SCGIS 2017 Scholarship Program
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Jimmy Leonardo Pinedo Silva, ECOAN - Alto Mayo Protected Forest

street address Alto Mayo office: Entry Highway Posic S/N to 100m from Highway Fernando Belaúnde Terry, Rioja City, province Rioja, Department San Martín, Peru. Main office: Urbanization La Florida D-1B Passage Los Pinos, Wanchaq, Cusco – Perú.
email:, URL:

your current organization:
The Asociación Ecosistemas Andinos (ECOAN) is a non-profit, non-governmental organization based in Peru, whose mission is to conserve species of plants animals in danger of extinction and threatened ecosystems through direct biodiversity protection and sustainable use of natural resources in partnership with local communities and governments at the local, regional and national level. ECOAN has several projects in Peru, including the management of the Reservations Biological Station Long-whiskered Owlet and the implementation of conservation agreements in the Alto Mayo Protected Forest (AMPF).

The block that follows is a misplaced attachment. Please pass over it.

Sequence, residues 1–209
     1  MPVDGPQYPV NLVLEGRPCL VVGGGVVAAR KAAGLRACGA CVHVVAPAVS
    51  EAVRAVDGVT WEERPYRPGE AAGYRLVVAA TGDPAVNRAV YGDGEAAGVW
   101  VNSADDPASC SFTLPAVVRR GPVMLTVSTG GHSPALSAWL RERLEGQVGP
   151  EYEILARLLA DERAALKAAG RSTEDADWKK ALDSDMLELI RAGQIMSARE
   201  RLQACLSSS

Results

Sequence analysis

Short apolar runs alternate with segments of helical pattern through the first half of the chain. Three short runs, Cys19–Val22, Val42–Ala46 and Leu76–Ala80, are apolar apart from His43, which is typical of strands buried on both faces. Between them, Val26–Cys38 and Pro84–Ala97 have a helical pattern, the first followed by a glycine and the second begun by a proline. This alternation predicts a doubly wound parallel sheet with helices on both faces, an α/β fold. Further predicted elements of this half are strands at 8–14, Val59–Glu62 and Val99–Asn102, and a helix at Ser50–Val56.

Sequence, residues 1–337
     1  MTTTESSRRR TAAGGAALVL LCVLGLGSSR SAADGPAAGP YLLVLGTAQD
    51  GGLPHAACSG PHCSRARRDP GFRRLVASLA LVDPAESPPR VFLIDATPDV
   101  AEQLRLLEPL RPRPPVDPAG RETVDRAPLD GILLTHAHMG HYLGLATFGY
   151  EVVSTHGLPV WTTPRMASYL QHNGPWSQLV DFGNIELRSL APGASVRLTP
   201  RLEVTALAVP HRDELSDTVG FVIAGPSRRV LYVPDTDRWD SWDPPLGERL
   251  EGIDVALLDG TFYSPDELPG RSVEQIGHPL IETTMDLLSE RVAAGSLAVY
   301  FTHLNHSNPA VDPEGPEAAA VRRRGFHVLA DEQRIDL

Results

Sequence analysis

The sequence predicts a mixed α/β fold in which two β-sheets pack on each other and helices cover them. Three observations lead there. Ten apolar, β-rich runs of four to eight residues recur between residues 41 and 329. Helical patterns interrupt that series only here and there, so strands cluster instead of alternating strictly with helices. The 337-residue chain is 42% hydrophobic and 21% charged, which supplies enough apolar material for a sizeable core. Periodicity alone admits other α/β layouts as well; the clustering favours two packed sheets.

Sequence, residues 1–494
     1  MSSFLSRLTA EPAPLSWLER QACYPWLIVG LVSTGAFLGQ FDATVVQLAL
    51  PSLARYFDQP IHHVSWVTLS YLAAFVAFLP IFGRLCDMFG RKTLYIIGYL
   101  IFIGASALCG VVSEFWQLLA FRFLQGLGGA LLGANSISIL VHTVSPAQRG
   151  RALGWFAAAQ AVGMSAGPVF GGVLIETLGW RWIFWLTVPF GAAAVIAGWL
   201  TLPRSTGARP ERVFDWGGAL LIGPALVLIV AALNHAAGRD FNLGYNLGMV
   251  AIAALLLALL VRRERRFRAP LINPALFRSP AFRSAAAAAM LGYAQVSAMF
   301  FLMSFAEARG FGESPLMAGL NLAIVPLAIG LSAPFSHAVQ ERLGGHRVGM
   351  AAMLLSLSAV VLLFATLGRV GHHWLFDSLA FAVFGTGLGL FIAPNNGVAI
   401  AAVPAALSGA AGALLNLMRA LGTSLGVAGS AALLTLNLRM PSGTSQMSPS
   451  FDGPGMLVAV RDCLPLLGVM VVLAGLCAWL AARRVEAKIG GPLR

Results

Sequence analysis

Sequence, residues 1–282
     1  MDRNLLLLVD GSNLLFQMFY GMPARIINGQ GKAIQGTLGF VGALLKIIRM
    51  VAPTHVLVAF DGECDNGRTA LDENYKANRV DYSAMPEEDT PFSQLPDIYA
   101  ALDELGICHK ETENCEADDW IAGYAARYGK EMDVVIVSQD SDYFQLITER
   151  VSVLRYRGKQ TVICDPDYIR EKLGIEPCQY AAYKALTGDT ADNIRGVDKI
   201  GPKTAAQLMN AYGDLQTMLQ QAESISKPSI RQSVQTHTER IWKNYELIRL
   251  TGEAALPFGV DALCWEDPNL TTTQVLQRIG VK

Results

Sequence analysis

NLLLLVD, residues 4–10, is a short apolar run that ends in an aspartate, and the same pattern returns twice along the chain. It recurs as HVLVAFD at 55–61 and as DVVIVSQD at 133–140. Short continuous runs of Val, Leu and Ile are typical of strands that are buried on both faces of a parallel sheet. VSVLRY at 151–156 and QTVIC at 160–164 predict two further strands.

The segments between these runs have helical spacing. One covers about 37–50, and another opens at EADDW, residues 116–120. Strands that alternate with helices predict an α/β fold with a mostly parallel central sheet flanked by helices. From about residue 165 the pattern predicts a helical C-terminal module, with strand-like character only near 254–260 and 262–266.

The AMPF is a category of Protected Natural Area that is part of the National System of Natural Protected Areas of Peru. It covers 182,000 hectares and was created to conserve and protect the water springs, forest cover, and endemic species. The major driver of deforestation is the conversion to coffee plantation, as inadequate technique is used, the coffee productivity decreases after few years and farmers abandon the crops to clear new areas. In order to break this cycle, ECOAN provides support on best, organic agriculture practices to farmers that are willing to conserve the forest. This voluntary conservation agreement is the framework to halt deforestation, while providing livelihood alternative to the local population. The support from ECOAN goes beyond of agriculture extension, it includes the provision of improved cookstove, ecological baths, sanitary landfills, small animal breeding modules, and technical assistance in ecotourism, birdwatching, and orchids watching. In addition to the support to AMPF management, ECOAN also collaborates with the coffee producers cooperative (COOPBAM as per its acronym in Spanish - Cooperativa de Servicios Múltiples Bosques del Alto Mayo), which commercializes organic certified coffee and since 2015 has been exporting high premium coffee to special markets.